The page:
Congress Has the “Dumbest Idea Ever” for the Unemployed

At the risk of belaboring my point: The coronavirus health crisis is
about three times worse than it was in March. We’re seeing three times as many
new cases daily, and unemployment is nearly three times higher. Covid-19 cases are
increasing in 43 states. All this suggests that the $600 weekly add-on is an even more necessary lifeline today than it was four months ago.

Back in the March debate over the CARES Act, Senate Democrats,
led by Minority Leader Chuck Schumer, initially pushed to guarantee that
unemployed people would receive 100 percent of their wages. (Before the pandemic,
state unemployment benefits replaced about 40 percent of wages on average, with
substantial variation among states.)

That was a nonstarter, Labor Secretary Eugene Scalia explained.
The states won’t be able to handle the calculations for individual recipients.
Computer systems for state unemployment offices are too old and cranky!

So that’s where the consensus figure of $600 to boost weekly jobless
benefits came in. Democrats and Republicans in Congress settled on $600 as the number
approximating the difference between the average worker’s wage and the average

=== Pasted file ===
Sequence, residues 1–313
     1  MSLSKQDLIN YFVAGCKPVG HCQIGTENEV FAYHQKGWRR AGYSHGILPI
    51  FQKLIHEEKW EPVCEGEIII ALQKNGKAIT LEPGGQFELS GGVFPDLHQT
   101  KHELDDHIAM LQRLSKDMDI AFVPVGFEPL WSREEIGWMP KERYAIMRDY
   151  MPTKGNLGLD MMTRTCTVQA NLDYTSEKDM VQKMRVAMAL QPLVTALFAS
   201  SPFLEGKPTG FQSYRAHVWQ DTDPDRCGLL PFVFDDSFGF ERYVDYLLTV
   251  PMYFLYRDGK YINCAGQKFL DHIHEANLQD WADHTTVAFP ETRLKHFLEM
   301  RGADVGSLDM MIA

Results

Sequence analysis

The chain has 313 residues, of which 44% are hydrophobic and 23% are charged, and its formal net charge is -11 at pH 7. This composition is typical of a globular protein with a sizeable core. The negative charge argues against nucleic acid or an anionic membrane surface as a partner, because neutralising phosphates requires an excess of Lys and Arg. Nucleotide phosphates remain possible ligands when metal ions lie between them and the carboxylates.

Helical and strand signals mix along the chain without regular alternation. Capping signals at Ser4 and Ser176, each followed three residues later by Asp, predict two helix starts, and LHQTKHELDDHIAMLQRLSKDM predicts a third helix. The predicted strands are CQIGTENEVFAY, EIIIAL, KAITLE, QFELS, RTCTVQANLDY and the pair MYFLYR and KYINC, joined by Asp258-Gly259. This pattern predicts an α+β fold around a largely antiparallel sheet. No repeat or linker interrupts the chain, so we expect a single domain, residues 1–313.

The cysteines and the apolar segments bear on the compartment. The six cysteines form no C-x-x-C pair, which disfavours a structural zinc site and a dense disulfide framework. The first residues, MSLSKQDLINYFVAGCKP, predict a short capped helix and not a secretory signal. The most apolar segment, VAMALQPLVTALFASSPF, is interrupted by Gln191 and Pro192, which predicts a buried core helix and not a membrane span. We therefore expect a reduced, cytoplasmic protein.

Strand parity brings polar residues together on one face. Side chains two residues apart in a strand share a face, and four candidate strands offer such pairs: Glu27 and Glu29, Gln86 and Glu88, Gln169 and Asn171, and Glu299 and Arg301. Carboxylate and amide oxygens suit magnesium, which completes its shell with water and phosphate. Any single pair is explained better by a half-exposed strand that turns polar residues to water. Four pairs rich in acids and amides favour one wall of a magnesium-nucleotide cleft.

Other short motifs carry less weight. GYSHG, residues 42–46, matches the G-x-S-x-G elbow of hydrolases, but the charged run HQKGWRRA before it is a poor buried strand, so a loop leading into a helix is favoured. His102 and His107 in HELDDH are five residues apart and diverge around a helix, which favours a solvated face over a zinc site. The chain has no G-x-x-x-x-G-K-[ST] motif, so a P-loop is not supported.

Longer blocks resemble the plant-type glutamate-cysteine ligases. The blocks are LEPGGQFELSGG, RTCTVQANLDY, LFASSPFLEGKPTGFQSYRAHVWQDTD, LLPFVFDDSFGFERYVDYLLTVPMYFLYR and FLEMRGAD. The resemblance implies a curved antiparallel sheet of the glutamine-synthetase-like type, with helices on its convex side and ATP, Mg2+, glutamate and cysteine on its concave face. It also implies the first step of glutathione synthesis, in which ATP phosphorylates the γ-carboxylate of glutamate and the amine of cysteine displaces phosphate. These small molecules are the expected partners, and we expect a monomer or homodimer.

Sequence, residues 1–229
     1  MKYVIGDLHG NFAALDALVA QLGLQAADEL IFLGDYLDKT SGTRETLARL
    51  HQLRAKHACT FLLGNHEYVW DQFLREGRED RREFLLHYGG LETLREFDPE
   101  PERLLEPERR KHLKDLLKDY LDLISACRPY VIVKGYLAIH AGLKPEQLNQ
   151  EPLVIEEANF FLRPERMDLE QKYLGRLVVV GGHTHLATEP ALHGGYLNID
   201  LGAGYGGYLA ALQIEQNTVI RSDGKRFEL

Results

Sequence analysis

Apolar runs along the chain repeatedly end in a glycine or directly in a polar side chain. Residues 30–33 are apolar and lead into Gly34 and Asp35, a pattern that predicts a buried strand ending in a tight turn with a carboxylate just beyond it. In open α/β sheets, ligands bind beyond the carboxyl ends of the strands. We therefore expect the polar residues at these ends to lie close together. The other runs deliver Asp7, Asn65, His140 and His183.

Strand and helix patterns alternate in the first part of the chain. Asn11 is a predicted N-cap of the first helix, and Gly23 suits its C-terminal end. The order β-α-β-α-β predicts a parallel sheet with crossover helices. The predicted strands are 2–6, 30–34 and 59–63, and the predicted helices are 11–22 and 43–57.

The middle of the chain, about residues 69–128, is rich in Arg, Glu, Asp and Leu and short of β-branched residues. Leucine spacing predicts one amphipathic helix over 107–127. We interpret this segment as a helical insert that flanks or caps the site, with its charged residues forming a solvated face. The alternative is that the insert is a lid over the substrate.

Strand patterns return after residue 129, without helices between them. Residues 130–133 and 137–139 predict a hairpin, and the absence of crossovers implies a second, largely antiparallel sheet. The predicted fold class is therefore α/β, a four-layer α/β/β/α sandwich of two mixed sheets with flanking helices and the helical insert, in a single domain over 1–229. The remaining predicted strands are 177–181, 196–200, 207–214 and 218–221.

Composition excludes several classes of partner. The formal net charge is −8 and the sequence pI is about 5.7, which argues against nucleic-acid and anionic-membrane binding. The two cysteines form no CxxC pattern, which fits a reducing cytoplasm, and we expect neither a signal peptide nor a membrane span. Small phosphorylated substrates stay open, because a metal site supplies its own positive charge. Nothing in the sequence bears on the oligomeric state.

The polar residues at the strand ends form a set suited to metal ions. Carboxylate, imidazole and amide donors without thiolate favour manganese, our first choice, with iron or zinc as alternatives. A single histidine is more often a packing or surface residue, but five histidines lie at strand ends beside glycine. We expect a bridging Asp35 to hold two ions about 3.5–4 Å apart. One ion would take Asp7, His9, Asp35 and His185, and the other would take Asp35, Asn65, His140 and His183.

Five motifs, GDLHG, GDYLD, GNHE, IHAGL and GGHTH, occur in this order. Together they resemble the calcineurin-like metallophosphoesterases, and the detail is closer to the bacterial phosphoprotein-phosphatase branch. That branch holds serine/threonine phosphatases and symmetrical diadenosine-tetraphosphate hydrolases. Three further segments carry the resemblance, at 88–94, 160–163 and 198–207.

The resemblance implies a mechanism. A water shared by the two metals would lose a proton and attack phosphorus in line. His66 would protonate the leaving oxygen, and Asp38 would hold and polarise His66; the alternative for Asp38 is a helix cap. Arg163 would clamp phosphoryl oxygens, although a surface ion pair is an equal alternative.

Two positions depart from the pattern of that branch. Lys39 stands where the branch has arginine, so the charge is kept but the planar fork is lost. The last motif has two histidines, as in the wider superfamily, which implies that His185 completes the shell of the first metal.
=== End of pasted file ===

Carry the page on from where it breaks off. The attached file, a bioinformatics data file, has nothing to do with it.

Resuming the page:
state unemployment benefit.

Now GOP senators are proposing to replace the recently expired $600
weekly add-on with an outlay covering 70 percent of wages (up to a ceiling of
$500). It’s as if Scalia had never spoken. Calculating 70 percent of wages
is no easier for old and cranky state computer systems than calculating 100
percent would have been.

When I asked the Labor Department whether these state computer
systems had over four months gotten significantly 
less old and
cranky, it basically said yes. 

“Back in March,” a DOL spokesperson explained, “state
UI computer systems were not in a position to quickly make the necessary
changes to provide benefits to match wages …. [But since then] states have
spent more than $150 million improving and upgrading their IT systems in response
to the CARES Act. Based on recent conversations with states, we
believe the enhancements … will provide most states
sufficient time to transition to a wage replacement model.”

I’ll believe it when I see it. 

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